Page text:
On August 19, Strobe Talbott, former deputy secretary of state in the Clinton administration and currently president of the Brookings Institution published a remarkable article “The Making of Vladimir Putin” in Politico, where he expressed his opinion on who is present Russian ruler and what to expect from him. This article is interesting not only due to waste amount of historical facts about Putin’s personality and ambitions, but also because it consists of some conclusions and prognosis regarding Ukraine.
Strobe Talbott writes that Putin wants to turn back the history clock by annexing Crimea and fomenting a secessionist rebellion in the eastern and southern parts of Ukraine. From the very beginning of Putin’s rule in Moscow, the West knew that sooner or later the policy of so-called “putinism” will lead to “the resurgence of Russian power”, especially on territories which were part of the Soviet Union or under its control.
As he writes, Vladimir Putin is a representative of the Soviet revisionist elite who hated Mikhail Gorbachev and Boris Yeltsin. “For them, the most emotive bloody-flag grievance was not just the loss of territory, but the stranding of some 25 million ethnic Russians in what were now 14 neighboring, independent states. A common phrase — mumbled, growled and sometimes screamed in the debates of the time — was that Yeltsin was guilty of “the mutilation of Mother Russia,” leaving her orphans outside the care of Moscow,” he says.
Mr. Talbott reminds that Putin’s art of lying in favor to grab lands and increase geopolitical influence (like he lied in 2014 about “the little green men” in the Ukrainian Crimea and “weapons purchased by them in any store”) became first visible in June 1999 during crisis in Yugoslavia, when he became a security adviser of Yeltsin. “But what really struck my colleagues and me was the aplomb, smugness and brazenness with which Putin lied,” notes Talbott.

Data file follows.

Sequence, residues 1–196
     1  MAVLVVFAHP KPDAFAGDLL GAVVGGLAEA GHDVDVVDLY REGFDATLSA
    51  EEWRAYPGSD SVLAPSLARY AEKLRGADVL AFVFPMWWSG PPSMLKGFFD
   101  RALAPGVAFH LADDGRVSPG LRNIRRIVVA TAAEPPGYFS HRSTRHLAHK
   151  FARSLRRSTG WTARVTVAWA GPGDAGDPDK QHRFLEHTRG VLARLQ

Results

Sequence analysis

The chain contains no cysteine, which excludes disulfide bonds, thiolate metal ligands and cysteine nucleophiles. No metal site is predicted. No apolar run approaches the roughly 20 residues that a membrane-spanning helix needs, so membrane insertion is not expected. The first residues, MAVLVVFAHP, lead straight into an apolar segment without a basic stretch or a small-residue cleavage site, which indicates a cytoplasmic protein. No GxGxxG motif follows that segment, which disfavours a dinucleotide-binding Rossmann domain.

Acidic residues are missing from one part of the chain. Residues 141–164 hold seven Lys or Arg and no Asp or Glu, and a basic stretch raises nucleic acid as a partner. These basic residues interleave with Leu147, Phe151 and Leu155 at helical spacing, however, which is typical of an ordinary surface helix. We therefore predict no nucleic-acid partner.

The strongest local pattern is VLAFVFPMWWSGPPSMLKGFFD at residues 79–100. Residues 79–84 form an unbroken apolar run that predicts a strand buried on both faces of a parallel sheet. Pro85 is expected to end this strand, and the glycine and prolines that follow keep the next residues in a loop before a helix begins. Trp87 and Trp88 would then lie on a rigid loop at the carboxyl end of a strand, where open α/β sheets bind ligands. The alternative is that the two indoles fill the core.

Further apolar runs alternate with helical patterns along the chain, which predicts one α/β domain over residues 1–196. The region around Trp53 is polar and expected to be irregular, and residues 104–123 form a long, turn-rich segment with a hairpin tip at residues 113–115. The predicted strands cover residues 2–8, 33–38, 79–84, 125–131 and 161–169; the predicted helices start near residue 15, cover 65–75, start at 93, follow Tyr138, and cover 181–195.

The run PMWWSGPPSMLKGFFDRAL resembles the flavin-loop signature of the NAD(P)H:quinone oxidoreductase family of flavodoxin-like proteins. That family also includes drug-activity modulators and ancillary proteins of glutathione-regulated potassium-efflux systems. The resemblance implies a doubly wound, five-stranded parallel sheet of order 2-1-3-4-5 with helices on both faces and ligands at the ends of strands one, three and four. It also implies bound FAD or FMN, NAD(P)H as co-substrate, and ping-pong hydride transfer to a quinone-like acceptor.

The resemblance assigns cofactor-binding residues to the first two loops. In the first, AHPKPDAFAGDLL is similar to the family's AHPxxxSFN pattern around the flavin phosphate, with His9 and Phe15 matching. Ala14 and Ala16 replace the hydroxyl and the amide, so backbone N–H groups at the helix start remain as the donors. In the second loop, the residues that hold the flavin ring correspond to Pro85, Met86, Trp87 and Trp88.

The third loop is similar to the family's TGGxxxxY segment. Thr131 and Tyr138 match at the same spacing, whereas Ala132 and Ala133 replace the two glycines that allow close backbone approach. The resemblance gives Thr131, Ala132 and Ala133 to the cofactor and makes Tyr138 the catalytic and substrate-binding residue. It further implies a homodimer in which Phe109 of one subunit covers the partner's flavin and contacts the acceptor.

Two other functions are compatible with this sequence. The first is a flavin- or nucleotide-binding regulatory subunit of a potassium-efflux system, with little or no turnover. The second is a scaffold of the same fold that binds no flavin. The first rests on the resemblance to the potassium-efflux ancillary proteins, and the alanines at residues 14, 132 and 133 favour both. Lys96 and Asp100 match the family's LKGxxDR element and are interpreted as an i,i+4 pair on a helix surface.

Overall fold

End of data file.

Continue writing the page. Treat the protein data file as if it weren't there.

Of course, conflict in the eastern Ukraine is waging by Putin himself, says Strobe Talbott. He reminds that Putin’s reliance on disinformation, as former KGB counter-intelligence operative, reached a scale that has led The Economist to characterize Russia as a mendocracy, particularly during the Ukraine crisis. Russia’s media have done their best to characterize the popular uprising against the previous Ukrainian government as a coup instigated by the West.
Meanwhile, “whoever is at the top [in Russia] is hard to stop, and hard to remove. Which is why Putin himself, and not just Putinism, matters” says Talbott, but questions the longevity of so-called “Putin’s era” which lasts for 15 years.
He calls as a double-edged sword Putin’s heavy reliance on the ultra-nationalist proposition that Russian statehood should be based on ethnicity, which is used in Crimea and eastern Ukraine to expand Russian territory. Talbott predicts that the Russian chauvinism could shrink Russia’s territory, since vast parts of that country are populated by non-Russian ethnic groups who are unlikely to welcome or, over the long run, tolerate a Russian chauvinist in the Kremlin. But under its current leadership, Russia is an immediate threat to its neighbors, including Ukraine.